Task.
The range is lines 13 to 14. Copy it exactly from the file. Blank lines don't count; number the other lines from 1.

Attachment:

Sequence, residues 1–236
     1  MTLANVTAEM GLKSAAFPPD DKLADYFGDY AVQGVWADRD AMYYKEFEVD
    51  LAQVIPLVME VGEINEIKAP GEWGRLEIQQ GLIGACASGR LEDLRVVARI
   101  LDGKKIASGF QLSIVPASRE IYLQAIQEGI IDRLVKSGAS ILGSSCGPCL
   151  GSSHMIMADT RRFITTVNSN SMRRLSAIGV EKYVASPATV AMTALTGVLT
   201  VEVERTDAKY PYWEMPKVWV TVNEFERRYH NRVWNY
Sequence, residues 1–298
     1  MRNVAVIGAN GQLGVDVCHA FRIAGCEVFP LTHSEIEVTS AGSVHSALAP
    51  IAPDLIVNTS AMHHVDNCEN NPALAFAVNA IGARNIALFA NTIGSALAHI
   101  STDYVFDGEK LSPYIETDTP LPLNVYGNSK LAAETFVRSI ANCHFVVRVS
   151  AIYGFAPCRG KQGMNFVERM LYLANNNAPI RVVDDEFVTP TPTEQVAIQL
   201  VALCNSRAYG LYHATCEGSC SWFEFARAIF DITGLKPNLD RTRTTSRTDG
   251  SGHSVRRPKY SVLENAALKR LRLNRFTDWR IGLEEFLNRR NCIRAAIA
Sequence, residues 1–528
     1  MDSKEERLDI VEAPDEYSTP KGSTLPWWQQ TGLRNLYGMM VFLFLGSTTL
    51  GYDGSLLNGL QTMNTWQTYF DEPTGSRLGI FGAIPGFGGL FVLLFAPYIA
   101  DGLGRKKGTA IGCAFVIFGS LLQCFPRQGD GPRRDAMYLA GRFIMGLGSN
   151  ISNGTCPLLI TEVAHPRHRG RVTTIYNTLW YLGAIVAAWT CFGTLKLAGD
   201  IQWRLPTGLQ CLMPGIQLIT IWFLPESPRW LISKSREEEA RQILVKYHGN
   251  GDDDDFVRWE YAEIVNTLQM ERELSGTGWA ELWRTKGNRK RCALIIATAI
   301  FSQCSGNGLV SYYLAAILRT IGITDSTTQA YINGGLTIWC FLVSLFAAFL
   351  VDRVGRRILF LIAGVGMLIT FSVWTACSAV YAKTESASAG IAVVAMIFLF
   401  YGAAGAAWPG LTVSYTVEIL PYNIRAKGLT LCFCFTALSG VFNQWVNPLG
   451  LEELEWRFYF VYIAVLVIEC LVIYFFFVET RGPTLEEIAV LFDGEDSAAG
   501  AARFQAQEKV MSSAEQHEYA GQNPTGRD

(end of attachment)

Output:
   251  SGHSVRRPKY SVLENAALKR LRLNRFTDWR IGLEEFLNRR NCIRAAIA
Sequence, residues 1–528